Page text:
The Government has published a response to its consultation on new tougher powers for the Pensions Regulator, confirming its intention to press ahead with many of the changes proposed in its June 2018 consultation (reported in our previous e-bulletin).
Changes to the notifiable events regime
The Government has confirmed that it intends to go ahead with two of the new notifiable events (ie events which have to be notified to the Pensions Regulator) proposed in its consultation, namely:
- sale of a "material proportion" of the business or assets of a scheme employer which has funding responsibility for at least 20% of the scheme's liabilities; and
- granting security on a debt to give it priority over debt to the pension scheme.
The maximum penalty for failure to comply with the notifiable events regime is to be increased to £1 million. There will be more consultation from the Government and Pensions Regulator on the detail of the changes.
However, the Government has decided not to proceed with its proposals to make the following notifiable events:
- restructuring of employer's board or senior management;
- the employment taking insolvency/restructuring advice; or
- banking covenant deferral, amendment or waiver.
The suggestion of bringing forward the notification deadline to when heads of terms are agreed has been dropped for now.
New "declaration of intent" requirement
The Government has confirmed its intention to legislate to require the "transaction's corporate planners" to make a "declaration of intent", addressed to the scheme trustees and shared with the Pensions Regulator, in the event of:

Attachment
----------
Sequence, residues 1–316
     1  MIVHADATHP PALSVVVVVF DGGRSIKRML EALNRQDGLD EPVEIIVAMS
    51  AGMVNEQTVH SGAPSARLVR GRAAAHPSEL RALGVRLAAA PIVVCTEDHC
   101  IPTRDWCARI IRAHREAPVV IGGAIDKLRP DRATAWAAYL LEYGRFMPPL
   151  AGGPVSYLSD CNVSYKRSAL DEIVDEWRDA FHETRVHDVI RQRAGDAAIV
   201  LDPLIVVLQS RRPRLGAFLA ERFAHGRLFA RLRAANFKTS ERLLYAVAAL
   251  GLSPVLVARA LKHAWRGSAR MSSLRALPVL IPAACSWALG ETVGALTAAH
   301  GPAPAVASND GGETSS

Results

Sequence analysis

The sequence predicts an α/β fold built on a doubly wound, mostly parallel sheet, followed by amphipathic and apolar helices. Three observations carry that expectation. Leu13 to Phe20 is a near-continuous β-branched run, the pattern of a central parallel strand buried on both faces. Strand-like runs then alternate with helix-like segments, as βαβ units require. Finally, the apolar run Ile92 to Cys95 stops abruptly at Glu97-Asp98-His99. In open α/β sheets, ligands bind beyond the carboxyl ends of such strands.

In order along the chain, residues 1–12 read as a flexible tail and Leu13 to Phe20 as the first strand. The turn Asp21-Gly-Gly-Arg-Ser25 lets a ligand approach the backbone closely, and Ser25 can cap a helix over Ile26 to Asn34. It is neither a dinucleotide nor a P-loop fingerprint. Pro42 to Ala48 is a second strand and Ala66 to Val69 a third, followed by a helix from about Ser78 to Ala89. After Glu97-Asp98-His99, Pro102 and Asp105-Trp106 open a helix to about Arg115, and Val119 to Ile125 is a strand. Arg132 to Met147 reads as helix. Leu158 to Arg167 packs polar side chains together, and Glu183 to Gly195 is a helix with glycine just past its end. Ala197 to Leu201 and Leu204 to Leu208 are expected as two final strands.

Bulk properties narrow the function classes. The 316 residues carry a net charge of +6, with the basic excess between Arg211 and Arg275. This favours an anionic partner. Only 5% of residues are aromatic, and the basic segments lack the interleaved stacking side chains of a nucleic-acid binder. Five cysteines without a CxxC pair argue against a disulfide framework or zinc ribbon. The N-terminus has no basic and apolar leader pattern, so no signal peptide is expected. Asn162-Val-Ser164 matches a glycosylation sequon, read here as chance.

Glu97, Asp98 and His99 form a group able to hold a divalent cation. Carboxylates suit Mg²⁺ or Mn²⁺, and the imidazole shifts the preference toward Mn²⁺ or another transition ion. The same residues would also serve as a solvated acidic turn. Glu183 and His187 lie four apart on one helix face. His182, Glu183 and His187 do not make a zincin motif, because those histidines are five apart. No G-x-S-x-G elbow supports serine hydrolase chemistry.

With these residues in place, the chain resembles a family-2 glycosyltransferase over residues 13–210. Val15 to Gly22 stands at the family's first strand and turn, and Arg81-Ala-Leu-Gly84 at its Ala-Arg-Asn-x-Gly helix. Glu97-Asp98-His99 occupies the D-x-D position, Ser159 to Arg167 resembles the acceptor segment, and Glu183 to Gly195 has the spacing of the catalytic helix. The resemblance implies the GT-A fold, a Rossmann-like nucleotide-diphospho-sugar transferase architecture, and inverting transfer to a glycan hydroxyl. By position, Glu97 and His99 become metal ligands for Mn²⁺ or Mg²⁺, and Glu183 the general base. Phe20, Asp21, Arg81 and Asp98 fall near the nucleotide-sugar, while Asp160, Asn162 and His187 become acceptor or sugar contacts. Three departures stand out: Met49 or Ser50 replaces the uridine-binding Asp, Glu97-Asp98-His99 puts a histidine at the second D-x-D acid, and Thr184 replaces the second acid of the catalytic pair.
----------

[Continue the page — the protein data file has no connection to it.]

- sale of a controlling interest in the sponsoring employer;
- sale of the business or assets of a sponsoring employer (where this falls within the scope of the newly created notifiable event); and
- granting of security on a debt to give it priority over debt to the pension scheme.
The declaration of intent will include an explanation of the transaction, confirmation that the scheme trustees have been consulted and how any detriment to the scheme is to be mitigated. The Government says that the term "transaction's corporate planners" includes the scheme's sponsoring employer or parent company, but it is not clear who else would be caught, or how much detail would need to be included.
New criminal offences and civil penalties
The Government intends to introduce the following new criminal offences/civil penalties:
- a criminal offence of "wilful or reckless behaviour" in relation to a pension scheme for sponsoring employers and those associated or connected with them. The new offence will carry a prison sentence of up to seven years and/or unlimited fines. The Regulator will also have power to impose a civil penalty of up to £1 million;
- failure to comply with a contribution notice imposed by the Regulator under its "moral hazard" powers. This will be a criminal offence carrying an unlimited fine and could also be subject to a civil penalty of up to £1 million;
- failure to comply with a financial support direction imposed by the Regulator. This will carry a civil penalty of up to £1 million;
- failure to comply with the notifiable events framework, which will carry a civil penalty of up to £1 million;
- failure to comply with requirements for a declaration of intent, which will carry a civil penalty of up to £1 million;
- knowingly or recklessly providing false information to scheme trustees or the Regulator, which will carry a civil penalty of up to £1 million;
- non-compliance with requests for information by the Regulator under its statutory powers, which could attract a fixed or escalating civil fine at a rate yet to be decided;
- failure to comply with the new statutory requirements for a chair's statement, which will attract a civil penalty of up to £5000 for an individual or £50,000 in any other case;
- non-compliance with clearer scheme funding standards. (The consultation response does not spell out specific sanctions, but says that the Regulator's powers will be strengthened.)